Nobody in Downing Street made 'loon slur' - No 10

  • Published
Media caption,

Grant Shapps: "My co-chairman would not say that"

No 10 has denied that "anyone in Downing Street" made comments reported in several newspapers describing Tory activists as "mad, swivel-eyed loons".

The reports claimed a figure close to the PM used the term at a party event in blaming activists for urging MPs to amend the Queen's Speech over Europe.

They sparked anger among grassroots Conservatives, who demanded an inquiry.

Tory chairman Lord Feldman said he was taking legal advice over "untrue" web rumours he made "derogatory comments".

Lord Feldman's fellow party chairman Grant Shapps said it was "very difficult to combat" stories attributed to unnamed sources, adding: "Until somebody produces a name, it's impossible to know."

"I wasn't there to overhear a conversation," he told the BBC, referring to the private event.

Daily Telegraph political editor James Kirkup tweeted: "I stand by my story."

His paper, along with The Times and the Daily Mirror, had reported that the comments were by someone with "strong social connections" to David Cameron, although they did not name the speaker.

'Brilliant volunteers'

"There's really no problem," the person is reported to have said, referring to the fact that 116 Conservative MPs voted against the prime minister earlier this week to express "regret" at the lack of an EU referendum bill in the Queen's Speech.

"The MPs just have to do it because the associations tell them to, and the associations are all mad, swivel-eyed loons."

Conservative associations are the constituency campaign groups made up of local party members.

Mr Shapps said he had never heard grassroots members described in this way, adding: "We have brilliant volunteers in the party."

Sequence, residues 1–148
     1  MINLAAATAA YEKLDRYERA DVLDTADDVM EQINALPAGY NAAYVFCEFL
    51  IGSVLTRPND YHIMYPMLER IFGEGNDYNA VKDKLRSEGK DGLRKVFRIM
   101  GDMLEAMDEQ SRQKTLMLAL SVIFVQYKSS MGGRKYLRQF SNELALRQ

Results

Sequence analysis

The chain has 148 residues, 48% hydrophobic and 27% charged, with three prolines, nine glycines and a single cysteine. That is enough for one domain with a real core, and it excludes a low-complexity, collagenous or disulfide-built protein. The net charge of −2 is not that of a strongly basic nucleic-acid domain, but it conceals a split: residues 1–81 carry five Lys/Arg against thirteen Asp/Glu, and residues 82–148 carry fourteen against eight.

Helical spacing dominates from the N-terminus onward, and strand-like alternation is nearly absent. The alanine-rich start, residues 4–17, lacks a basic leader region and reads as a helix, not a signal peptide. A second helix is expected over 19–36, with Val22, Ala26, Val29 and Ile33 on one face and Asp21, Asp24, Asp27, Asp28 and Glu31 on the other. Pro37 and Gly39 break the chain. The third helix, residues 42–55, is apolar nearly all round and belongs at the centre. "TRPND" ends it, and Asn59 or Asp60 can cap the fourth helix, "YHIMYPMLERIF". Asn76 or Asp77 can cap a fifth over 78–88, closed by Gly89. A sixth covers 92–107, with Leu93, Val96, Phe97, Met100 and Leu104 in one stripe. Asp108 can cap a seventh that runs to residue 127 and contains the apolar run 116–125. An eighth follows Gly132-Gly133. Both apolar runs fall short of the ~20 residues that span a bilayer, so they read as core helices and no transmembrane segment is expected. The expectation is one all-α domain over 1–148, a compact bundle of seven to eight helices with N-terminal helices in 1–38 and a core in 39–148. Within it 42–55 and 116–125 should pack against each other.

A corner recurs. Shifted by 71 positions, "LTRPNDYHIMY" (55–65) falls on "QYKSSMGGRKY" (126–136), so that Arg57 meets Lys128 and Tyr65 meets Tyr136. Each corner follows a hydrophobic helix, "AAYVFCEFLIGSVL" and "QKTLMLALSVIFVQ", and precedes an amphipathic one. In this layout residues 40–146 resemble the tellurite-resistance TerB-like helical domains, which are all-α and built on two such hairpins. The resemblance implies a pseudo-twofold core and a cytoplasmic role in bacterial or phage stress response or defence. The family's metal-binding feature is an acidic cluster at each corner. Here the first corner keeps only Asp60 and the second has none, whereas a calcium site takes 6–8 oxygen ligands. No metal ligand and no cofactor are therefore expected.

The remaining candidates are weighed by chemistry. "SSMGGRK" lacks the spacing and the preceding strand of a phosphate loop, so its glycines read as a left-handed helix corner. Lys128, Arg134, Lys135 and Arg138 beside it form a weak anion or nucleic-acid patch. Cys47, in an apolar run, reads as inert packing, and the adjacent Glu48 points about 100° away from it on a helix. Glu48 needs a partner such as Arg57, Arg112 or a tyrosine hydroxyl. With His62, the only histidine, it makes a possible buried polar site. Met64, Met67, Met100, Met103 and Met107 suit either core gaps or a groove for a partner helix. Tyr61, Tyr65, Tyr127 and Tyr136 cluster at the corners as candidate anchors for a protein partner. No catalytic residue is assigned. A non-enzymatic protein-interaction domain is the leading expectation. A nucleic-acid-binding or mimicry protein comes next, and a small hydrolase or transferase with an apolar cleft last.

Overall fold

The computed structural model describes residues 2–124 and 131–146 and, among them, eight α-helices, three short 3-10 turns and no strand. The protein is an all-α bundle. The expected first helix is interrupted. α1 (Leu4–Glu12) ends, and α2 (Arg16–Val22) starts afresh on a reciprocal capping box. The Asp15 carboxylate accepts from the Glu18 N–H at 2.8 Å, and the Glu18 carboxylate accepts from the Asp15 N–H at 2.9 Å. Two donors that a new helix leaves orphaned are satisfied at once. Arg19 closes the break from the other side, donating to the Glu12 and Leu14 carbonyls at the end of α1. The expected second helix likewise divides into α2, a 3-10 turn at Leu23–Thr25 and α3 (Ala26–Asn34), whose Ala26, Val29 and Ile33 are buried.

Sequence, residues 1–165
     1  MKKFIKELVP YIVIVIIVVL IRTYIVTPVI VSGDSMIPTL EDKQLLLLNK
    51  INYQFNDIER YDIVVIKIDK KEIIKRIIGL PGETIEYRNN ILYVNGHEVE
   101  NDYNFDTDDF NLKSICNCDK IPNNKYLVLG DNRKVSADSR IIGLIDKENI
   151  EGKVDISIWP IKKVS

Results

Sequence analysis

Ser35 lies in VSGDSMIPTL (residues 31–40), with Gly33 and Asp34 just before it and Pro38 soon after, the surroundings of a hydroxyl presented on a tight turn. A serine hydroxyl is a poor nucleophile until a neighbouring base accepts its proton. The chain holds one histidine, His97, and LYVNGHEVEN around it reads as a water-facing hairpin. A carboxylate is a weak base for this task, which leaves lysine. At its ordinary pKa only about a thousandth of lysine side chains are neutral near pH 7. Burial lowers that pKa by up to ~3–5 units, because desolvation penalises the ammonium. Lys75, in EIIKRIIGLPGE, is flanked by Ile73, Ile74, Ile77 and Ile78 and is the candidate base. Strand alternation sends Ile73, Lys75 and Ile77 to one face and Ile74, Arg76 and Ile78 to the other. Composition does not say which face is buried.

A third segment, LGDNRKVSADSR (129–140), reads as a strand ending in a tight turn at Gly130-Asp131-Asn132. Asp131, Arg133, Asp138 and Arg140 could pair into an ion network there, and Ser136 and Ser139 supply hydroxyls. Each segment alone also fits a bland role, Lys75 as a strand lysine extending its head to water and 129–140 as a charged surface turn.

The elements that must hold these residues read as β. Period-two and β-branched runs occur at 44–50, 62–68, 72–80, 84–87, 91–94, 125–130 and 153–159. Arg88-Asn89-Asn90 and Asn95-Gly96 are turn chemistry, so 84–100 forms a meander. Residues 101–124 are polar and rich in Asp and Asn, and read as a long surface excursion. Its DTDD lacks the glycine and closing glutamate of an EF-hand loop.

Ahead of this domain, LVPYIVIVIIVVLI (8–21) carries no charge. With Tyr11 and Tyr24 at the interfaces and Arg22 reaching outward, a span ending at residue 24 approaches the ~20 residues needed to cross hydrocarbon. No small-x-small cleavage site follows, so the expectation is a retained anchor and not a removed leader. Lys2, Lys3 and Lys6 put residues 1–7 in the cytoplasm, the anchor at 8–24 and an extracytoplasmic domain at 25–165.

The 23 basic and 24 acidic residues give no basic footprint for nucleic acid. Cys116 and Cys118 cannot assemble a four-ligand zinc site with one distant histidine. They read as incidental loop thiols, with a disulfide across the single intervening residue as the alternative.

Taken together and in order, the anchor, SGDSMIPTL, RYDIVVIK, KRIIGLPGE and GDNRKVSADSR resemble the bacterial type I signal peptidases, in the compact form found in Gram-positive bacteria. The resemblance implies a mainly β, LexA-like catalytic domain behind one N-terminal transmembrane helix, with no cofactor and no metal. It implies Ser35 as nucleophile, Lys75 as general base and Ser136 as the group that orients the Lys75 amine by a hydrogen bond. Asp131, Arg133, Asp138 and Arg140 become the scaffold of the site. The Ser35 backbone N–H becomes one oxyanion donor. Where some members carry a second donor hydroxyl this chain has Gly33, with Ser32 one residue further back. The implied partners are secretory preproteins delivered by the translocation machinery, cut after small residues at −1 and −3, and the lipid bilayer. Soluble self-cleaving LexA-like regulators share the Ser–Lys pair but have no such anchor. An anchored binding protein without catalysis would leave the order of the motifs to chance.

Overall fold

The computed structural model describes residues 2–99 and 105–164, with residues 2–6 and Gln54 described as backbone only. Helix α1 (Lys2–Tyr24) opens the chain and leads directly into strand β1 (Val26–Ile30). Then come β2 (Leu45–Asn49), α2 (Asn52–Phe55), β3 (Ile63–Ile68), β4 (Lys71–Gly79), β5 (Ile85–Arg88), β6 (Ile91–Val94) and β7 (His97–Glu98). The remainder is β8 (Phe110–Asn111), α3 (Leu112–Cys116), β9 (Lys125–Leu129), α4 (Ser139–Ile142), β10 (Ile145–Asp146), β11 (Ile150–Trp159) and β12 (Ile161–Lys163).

A No 10 spokesman said: "It is categorically untrue that anyone in Downing Street made the comments about the Conservative Party Associations and activists reported in the Times and the Telegraph."

In his statement, Lord Feldman said: "There is speculation on the internet and on Twitter that the senior Conservative Party figure claimed to have made derogatory comments by the Times and the Telegraph is me.

"This is completely untrue. I would like to make it quite clear that I did not, nor have ever described our associations in this way or in any similar manner. I am taking legal advice."

Both Mr Shapps and Downing Street said they backed Lord Feldman's position.

Party activists have expressed anger at the reports, and Bob Woollard, chairman of umbrella group Conservative Grassroots, told the BBC there should be a "full-scale inquiry".

"The prime minister should disassociate himself from these comments. If those rumours are true, the person should be sacked," he said.

Mr Woollard said Mr Cameron had surrounded himself with a "metropolitan elite" and modernisers who were out-of-touch with the party membership.

Grassroots members had been subject to "all sorts of derogatory comments" in the past, said Mr Woollard, who had earlier said he had "a lot of sympathy with what Nigel Farage had said when UKIP were criticised similarly".

In 2006, Mr Cameron described the UK Independence Party as "sort of a bunch of... fruit cakes and loonies and closet racists mostly".

'So weak'

Reacting to the latest reports, Mr Farage tweeted: "If you are a Conservative supporter who believes in UKIP ideas then your party hates you. Come and join us."

Labour vice-chairman Michael Dugher accused the Conservative Party of being "totally focused on itself".

"We need strong leadership to deal with the big challenges we face as a country, but all we've got is a prime minister that is so weak that he can't even control his party," he said.

Mr Cameron has said he wants the UK to stay in the EU but wants to change Britain's relationship with it, taking back some powers from Brussels.

In the wake of the Queen's Speech vote, Mr Cameron then said his party would give full support to a private member's bill from Eurosceptic backbencher James Wharton outlining the terms of a referendum to be held by 2017.

Speaking to BBC Radio 5 live on Saturday, Mr Wharton described the "loons" comments as the result of a "lapse of judgement", saying they were "offensive and foolish".

"It's such a shallow and inaccurate assessment of what's going on," he said, adding that it did not reflect the reasons behind MPs' decisions to back the amendment.

Related Internet Links

The BBC is not responsible for the content of external sites.